Age group differences were uncovered in terms of activities on Facebook. For public electronic communication, young adults were found to engage more in this type of activity than the other age groups. This result was rather surprising (cfr. H1) since the need for self-presentation (i.e. behavior that seeks to communicate a certain image of oneself) is seen as a typical characteristic of emerging adulthood (i.a. Arnett, 2000; Bolton et al., 2013) and "public electronic communication" in this case comprised the activities of sharing experiences with the large group of SNS users. Two possible explanations can be offered.

First, since the amount of friends in this age group decreases, it can be assumed that the friends with whom young adults are in contact are chosen carefully (i.e. "strong tie" relationships). The use of Facebook for bridging social capital during emerging adulthood, indicated by acts of self-presentation toward a large group of Facebook-friends, is replaced by the use of Facebook for bonding social capital (Ellison et al., 2007; Steijn & Schouten, 2013). Since the group of Facebook-friends is constructed in a more conscious way, boundaries are stricter and experiences can be shared publicly through the users' News Feed.

Second, the norm for appropriateness of sharing information is proven to differ between age groups (Steijn & Schouten, 2013). It could be that, because emerging adults are more engaged in identity management practices, they do self-disclose personal information, but also put more effort in controlling their boundaries adequately by being more selective in their sharing than young adults (Urista et al., 2009). The young adulthood group is less involved with self-presentation. Therefore, it could be that they more often spontaneously share information publicly online. For the second activity, private electronic communication, emerging adulthood users did engage more often in this type of communication than young adults. This is not surprising, given the need for interpersonal communication, typical for this life stage (Bolton et al., 2013). For example, text messaging is also found to be more popular among emerging adults than older age groups (Smith, 2011). It could be that private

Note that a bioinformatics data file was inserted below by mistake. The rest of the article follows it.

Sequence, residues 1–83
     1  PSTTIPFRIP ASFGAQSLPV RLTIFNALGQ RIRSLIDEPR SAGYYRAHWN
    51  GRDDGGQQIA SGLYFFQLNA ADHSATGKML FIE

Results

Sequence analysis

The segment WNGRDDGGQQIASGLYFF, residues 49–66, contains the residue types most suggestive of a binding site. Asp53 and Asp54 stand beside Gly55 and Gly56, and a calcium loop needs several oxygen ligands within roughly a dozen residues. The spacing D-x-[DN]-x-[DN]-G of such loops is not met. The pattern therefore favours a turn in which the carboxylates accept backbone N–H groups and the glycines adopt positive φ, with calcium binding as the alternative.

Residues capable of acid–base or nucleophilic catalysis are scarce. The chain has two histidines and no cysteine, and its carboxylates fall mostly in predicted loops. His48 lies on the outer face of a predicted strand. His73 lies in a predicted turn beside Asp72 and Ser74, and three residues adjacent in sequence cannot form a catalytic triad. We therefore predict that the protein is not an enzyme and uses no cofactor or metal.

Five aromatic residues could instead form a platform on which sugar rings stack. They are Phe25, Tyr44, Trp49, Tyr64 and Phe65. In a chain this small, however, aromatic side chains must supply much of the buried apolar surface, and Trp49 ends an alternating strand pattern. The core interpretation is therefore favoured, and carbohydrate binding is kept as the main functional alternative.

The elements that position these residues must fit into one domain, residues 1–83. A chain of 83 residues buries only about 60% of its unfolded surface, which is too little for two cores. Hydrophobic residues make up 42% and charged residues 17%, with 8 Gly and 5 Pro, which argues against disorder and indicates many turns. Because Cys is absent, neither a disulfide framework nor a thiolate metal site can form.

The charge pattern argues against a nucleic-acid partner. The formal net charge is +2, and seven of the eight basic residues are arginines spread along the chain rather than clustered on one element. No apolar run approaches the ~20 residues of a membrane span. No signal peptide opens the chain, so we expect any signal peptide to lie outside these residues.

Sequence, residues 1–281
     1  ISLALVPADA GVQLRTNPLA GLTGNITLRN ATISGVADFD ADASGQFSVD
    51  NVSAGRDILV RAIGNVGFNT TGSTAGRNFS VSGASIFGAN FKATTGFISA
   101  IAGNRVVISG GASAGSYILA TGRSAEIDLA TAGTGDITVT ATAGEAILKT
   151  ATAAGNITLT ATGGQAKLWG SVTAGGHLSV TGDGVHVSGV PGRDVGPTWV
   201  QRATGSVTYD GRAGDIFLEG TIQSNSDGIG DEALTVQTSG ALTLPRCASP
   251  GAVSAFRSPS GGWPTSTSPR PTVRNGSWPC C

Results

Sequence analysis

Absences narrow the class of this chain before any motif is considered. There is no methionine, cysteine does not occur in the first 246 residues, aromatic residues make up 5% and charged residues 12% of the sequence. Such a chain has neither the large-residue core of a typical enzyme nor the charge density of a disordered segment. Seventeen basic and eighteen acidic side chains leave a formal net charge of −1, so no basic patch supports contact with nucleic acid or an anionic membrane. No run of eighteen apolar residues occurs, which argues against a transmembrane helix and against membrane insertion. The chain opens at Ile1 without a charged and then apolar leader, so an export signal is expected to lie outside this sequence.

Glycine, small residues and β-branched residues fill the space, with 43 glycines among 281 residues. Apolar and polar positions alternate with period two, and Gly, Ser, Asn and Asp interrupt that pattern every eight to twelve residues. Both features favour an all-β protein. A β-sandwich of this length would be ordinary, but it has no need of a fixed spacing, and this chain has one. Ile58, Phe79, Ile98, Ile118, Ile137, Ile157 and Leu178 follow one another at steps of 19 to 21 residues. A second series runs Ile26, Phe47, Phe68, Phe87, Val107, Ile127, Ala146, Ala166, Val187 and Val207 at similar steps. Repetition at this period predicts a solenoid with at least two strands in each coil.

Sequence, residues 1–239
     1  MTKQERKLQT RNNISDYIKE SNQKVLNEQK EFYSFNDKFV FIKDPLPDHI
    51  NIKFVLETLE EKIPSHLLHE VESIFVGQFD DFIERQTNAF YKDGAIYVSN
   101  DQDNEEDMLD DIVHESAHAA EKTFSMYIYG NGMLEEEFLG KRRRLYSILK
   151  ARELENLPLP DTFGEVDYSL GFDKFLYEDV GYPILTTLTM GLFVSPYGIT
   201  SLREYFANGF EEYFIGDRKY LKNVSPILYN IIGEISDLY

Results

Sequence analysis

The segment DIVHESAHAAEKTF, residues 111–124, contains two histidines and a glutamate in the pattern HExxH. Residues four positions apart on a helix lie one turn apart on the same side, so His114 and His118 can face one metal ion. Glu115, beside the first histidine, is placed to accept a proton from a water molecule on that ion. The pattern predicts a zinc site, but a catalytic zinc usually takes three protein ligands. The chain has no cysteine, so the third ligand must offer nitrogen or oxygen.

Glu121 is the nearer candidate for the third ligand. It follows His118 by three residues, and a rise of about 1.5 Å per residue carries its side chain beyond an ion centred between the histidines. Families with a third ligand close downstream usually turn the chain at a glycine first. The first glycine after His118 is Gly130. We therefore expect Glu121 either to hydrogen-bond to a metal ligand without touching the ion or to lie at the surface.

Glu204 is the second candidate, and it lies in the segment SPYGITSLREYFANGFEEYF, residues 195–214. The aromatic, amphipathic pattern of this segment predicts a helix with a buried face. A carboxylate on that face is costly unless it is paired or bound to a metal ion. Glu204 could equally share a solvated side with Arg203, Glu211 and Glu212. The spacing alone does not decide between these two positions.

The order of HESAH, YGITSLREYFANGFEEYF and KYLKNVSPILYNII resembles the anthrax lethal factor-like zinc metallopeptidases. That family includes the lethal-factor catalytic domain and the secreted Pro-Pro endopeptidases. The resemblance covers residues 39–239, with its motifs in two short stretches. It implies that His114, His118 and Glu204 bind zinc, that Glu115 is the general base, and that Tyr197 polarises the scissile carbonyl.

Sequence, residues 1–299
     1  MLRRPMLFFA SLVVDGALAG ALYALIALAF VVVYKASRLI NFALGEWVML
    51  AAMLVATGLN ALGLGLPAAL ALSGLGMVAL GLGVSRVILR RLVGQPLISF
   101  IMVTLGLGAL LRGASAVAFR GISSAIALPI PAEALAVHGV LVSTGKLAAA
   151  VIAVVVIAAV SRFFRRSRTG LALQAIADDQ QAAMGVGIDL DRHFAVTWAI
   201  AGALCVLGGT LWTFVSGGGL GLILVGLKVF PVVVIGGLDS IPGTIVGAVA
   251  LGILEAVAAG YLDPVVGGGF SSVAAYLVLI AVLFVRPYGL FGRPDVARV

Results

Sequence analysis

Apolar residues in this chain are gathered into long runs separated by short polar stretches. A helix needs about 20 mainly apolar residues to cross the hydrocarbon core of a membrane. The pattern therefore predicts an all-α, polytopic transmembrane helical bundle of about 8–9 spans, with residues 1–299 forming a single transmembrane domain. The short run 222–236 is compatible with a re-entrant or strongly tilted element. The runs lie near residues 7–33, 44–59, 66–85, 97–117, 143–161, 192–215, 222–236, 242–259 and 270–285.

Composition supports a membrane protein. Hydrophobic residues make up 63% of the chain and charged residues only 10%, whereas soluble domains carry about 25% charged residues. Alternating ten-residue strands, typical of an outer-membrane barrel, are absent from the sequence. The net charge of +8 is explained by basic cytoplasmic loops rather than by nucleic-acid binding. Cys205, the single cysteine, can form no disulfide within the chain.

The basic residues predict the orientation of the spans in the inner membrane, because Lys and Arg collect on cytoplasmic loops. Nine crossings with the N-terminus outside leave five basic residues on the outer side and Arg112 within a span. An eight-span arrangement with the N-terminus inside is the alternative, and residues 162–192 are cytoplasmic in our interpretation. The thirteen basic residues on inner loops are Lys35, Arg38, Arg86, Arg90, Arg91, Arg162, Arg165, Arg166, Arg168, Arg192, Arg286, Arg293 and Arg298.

communication through Facebook has partially replaced other channels of private electronic communication like instant messaging (IM) and text messaging (Sale, 2013). The recent launch of Facebook's "Messenger" app, which facilitates Facebook private messaging, strengthens this assumption.

The expected higher disclosure of personal information, as an indicator of looser boundary management, of emerging adults was only partially found. Young adults proved to disclose their personal information to an equally broad audience as emerging adults. Yet, emerging adults and young adults disclose personal information to a broader audience than individuals in their middle adulthood. According to the findings of this study, it could be assumed that the need for self-presentation is still present during young adulthood and decreases toward middle adulthood. In this regard, literature describes a decreasing need for self-presentation and an increasing importance for potential privacy intrusions over time in one's life (Arnett, 2000; Subrahmanyam et al., 2008). Arnett (2000) states that it is possible that the transition of emerging adulthood toward young adulthood can take longer and for some people only is completed by the age of 30 years.

Further evidence of the decreasing need for self-presentation can be found in the sharing behavior of the middle adulthood SNS users. Results indicated that for each level of sensitivity of personal data, the middle adulthood group disclosed consequently the least amount of personal information. The emerging and young adults disclosed significantly more personal information than the middle adults, and are in some aspects (i.e. disclosure of medium sensitive information) similar to each other in their behavior. This could point to the fact that disclosing behavior started to shift during young adulthood.

In terms of privacy concern, results showed that age groups differed significantly from each other, with the users in emerging adulthood experiencing the least concern and the middle adulthood SNS users the most. Tufekci (2012) argues that the lower concern of the younger age group is related to their higher capability for setting their privacy options according to their needs. This helps to explain the findings in terms of privacy protection.